SAN FRANCISCO (Reuters) - The nation’s largest public pension, the California Public Employees’ Retirement System, expects to reveal this week how much private equity firms take as a profit from its $28.8 billion investment in that asset class.
Such a disclosure is unusual among large, institutional investors in private equity and one sure to be noticed by other state and city pension funds.
Private equity investments are sought for their returns, but the industry faces increased political and regulatory scrutiny over high fees and lack of transparency.
CalPERS, ranked the seventh-largest investor in private equity with roughly one percent of the market, is making an effort to buck the trend. Carried interest, or the profits kept by private equity firms, is rarely reported by public pension funds, which often only track net investment returns.
CalPERS faced questions earlier this year about how much private equity firms collected in fees from the pension fund. Staff was forced to admit they did not exactly know.
“They should have been calculating it all along,” said Steven Kaplan, University Chicago Booth School of Business professor. “That’s one thing you do when you do diligence on a fund. You want to look at performance before fees.”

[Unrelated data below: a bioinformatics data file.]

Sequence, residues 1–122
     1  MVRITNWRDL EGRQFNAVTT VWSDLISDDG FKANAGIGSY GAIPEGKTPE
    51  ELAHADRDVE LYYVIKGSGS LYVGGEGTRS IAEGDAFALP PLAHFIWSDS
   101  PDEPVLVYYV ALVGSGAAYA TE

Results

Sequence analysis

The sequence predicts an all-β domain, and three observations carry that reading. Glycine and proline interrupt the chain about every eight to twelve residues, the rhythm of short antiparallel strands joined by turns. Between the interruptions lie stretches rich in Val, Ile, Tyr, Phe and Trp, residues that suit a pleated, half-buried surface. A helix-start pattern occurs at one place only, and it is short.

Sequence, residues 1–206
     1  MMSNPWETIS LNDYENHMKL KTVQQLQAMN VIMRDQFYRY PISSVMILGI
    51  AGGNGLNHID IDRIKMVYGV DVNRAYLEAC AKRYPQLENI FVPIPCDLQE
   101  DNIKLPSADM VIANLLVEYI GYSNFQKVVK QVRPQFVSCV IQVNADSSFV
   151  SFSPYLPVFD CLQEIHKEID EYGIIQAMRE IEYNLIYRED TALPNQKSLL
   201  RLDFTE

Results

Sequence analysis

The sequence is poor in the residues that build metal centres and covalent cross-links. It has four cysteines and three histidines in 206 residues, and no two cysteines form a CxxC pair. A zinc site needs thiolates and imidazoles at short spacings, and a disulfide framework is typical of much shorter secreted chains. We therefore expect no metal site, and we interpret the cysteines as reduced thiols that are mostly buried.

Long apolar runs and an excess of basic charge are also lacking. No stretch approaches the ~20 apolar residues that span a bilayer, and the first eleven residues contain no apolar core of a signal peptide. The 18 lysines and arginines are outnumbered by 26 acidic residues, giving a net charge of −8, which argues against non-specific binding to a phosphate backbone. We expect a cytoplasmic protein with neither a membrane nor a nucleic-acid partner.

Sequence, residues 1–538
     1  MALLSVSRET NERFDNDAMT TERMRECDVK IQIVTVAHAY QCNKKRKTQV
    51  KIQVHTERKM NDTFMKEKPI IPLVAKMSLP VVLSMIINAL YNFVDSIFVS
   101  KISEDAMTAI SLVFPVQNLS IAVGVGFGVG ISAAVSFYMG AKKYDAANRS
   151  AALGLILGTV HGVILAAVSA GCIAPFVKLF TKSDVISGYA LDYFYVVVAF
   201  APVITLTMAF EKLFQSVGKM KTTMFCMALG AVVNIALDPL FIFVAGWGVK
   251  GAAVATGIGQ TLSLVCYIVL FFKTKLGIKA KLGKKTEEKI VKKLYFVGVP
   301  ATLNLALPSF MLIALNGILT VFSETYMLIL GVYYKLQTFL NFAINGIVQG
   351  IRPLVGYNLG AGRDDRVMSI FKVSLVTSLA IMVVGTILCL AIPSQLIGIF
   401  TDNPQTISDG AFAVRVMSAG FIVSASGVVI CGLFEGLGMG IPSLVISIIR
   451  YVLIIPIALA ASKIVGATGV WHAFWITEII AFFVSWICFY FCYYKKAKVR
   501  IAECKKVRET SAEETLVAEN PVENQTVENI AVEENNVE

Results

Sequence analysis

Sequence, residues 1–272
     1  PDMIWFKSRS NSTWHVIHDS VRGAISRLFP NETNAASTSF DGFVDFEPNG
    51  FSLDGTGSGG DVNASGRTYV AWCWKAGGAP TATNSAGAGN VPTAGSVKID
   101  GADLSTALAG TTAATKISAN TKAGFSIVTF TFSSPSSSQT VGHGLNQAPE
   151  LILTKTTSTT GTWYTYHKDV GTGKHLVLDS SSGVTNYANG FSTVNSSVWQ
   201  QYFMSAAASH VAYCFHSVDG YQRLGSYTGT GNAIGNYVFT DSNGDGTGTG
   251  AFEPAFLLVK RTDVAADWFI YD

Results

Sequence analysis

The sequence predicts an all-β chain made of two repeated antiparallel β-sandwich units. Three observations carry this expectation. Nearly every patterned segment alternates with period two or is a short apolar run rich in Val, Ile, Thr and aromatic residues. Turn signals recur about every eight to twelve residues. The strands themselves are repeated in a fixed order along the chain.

Reporting on fund fees charged to investors, also known as limited partners, has not followed a single accepted standard.
“There is an incredible appetite among investors to see more detail in a more uniform format,” said Jennifer Choi, managing director at the Institutional Limited Partners Association (ILPA). “Everybody has different ways of asking and receiving information.”
CalPERS has been working with ILPA to set a standard for disclosure. It is also constructing a database to track all fund expenses and costs.
“What we want to know, as a limited partner, is every single cash flow between the general partner, the fund, and the portfolio companies,” said Scott Jacobsen, an investment director on CalPERS’ private equity team.
“Smart consumers know the cost of a purchase, be it an automobile or a private equity investment,” said South Carolina Treasurer Curtis Loftis, whose state started tracking fees in 2013. “It was a lonely road for a long time.”
Private equity returned 8.9 percent to CalPERS in the fiscal year ending June 30, compared to 1 percent from public equities and 2.4 percent overall. The asset class has consistently outperformed the fund’s overall assumed return rate of 7.5 percent, but it has also routinely over the past decade missed CalPERS’ benchmarks.